Wednesday, June 25, 2014

Martha & George Washington Doll Patterns by Ella DeHart (1968)


Ella DeHart self-published many doll patterns in the 1960s and '70s. This pattern makes 12" George and Martha Washington dolls, with their complete outfits.



Martha Washington has a quarter-seamed head and torso, with separate bust pieces to be stitched on after her torso is stuffed. Her legs are shaped like heeled boots. She has mitten hands with stitching to indicate fingers. Her arms and legs are thread jointed. She has embroidered features and yarn hair.

George has a somewhat different construction. His quarter-seamed head has a round pate piece and separate ears. His torso has a gusset that starts at one shoulder, goes down and around and up to the other shoulder. His arms and legs are thread jointed like Martha's. His hair may be a wig or yarn. The instructions call for both dolls to be made from felt.



Their clothing is detailed and mostly appropriate to the late Colonial / early Federal era in which they lived. Martha wears a dress with quilted underskirt and two petticoats. She also wears pantalettes, which were not introduced until after her lifetime. The instructions call for a bustle to be worn under the overskirt, in the middle of her back; the cover illustration instead shows a bustle on each hip, which would give the impression of panniers (side hoops), more appropriate to Martha's time, or at least to the way she is usually remembered. Her shoes are to be made of felt and cardboard, and she carries a fan you can make from paper and toothpicks.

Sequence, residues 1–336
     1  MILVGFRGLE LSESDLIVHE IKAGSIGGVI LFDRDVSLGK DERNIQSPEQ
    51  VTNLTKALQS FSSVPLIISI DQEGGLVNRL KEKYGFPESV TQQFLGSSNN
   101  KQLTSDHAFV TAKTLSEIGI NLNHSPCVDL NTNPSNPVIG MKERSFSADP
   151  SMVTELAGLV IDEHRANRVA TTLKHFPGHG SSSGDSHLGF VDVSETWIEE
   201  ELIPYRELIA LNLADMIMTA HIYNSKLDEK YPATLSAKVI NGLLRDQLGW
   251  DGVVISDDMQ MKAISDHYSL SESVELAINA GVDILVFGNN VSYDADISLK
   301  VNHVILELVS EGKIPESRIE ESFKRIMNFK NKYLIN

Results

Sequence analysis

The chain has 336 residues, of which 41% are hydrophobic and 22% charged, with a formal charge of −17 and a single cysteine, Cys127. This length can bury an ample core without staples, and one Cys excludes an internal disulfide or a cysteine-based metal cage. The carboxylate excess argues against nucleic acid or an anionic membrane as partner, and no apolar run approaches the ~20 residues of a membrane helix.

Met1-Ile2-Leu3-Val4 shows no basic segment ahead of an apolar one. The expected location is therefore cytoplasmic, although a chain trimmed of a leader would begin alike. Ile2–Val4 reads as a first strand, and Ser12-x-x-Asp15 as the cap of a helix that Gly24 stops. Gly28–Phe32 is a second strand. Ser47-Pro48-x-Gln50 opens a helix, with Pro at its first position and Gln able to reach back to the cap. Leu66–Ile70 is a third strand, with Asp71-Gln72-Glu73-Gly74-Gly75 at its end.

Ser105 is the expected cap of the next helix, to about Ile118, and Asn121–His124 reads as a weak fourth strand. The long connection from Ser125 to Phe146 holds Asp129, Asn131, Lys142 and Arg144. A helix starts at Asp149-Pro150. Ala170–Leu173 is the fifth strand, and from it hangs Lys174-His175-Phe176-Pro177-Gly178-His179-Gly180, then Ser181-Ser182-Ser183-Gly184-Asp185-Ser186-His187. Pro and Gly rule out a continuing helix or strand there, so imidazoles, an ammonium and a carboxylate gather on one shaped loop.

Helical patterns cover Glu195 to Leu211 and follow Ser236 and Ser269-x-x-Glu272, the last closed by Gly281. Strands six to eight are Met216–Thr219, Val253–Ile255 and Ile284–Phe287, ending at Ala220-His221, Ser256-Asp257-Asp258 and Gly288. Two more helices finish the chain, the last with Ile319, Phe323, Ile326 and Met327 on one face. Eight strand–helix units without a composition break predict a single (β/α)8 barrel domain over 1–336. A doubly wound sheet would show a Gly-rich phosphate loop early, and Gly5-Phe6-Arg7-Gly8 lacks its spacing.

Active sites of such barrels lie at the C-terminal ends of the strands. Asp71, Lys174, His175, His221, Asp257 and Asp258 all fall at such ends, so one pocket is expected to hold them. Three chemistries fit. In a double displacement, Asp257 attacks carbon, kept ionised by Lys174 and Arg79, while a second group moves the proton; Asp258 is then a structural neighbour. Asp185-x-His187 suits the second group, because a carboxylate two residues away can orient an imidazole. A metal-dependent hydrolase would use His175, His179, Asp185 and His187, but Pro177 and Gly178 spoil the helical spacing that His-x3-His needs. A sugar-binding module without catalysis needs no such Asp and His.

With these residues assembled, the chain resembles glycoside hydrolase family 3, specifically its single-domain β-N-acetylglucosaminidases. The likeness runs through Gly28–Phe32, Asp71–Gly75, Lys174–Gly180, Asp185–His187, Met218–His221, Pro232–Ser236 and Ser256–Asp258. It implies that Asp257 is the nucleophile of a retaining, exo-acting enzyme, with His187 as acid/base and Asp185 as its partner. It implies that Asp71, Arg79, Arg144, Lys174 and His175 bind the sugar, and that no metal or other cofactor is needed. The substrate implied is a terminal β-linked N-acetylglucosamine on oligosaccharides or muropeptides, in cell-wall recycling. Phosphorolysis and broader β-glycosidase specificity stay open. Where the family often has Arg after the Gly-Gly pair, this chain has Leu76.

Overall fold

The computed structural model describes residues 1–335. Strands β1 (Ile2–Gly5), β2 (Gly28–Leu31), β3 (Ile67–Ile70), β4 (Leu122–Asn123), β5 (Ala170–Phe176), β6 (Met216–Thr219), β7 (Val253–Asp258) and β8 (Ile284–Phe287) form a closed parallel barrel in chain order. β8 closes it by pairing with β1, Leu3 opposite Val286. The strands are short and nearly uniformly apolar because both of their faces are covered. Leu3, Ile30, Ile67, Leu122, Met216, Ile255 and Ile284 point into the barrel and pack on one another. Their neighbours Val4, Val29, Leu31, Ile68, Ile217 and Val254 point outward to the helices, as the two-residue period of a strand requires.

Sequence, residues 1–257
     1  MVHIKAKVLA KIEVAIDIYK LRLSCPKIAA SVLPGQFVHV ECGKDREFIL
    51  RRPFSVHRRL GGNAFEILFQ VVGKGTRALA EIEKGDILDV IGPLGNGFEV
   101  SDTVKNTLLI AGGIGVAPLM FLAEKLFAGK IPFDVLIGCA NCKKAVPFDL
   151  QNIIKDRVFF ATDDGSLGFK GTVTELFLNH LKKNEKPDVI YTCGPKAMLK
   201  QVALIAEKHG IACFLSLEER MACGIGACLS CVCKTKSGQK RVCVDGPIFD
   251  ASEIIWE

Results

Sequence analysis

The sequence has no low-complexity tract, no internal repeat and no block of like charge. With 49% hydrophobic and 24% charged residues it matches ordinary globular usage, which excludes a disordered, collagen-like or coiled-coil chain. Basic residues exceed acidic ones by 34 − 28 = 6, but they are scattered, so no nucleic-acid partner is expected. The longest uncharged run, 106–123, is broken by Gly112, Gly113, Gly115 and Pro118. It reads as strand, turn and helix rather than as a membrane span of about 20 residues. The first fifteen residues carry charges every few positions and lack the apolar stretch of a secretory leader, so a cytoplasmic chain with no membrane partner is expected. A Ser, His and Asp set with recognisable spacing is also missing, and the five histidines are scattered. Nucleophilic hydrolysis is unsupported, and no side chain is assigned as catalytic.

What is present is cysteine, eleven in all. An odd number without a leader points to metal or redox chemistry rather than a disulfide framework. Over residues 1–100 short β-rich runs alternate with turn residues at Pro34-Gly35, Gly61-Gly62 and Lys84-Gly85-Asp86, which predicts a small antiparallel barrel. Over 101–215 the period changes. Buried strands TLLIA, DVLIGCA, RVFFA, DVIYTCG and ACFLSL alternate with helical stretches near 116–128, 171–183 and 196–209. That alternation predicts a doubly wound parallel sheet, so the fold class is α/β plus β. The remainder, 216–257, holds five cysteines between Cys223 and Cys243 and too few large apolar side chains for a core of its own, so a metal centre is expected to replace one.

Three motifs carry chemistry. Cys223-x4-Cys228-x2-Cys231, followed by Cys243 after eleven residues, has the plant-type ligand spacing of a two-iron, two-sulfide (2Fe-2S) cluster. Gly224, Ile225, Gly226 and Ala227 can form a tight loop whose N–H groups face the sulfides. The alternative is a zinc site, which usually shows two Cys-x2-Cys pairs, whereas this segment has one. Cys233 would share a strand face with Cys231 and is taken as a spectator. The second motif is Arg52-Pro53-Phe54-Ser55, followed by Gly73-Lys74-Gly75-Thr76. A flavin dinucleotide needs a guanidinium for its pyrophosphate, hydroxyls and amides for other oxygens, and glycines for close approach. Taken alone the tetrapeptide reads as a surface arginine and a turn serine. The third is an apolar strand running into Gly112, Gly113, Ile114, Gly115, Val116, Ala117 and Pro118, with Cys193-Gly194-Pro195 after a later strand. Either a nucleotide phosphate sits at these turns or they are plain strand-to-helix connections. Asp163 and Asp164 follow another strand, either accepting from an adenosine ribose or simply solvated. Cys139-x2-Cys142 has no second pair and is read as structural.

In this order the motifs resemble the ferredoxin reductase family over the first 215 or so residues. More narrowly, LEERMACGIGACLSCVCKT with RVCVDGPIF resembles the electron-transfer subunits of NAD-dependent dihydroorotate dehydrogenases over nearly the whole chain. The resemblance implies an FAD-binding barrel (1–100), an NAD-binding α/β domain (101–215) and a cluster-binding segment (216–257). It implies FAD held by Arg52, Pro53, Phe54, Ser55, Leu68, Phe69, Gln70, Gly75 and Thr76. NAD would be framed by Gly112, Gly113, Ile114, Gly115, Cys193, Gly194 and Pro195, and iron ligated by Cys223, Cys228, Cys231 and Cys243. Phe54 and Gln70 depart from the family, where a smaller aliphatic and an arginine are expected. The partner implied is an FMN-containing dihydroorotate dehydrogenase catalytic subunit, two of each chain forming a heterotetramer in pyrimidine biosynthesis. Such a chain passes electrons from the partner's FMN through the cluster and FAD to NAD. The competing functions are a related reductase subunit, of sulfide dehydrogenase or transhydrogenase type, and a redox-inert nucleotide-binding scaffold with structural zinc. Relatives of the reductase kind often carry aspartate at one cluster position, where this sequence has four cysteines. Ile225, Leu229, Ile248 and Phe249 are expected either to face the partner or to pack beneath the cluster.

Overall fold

George wears a shirt, stock (neckband) with lace jabot, knee breeches, hat, shoes and stockings. His suit and hat are to be made from felt. Personally I would skip the stockings and make his legs from white felt, as the maker is instructed to do for Martha.



Ella DeHart patterns are very interesting but she was notorious for the lack of detail in her instructions. You really have to know what you are doing to make one of her patterns. This one would be a nice challenge for someone who likes to make historical character dolls.




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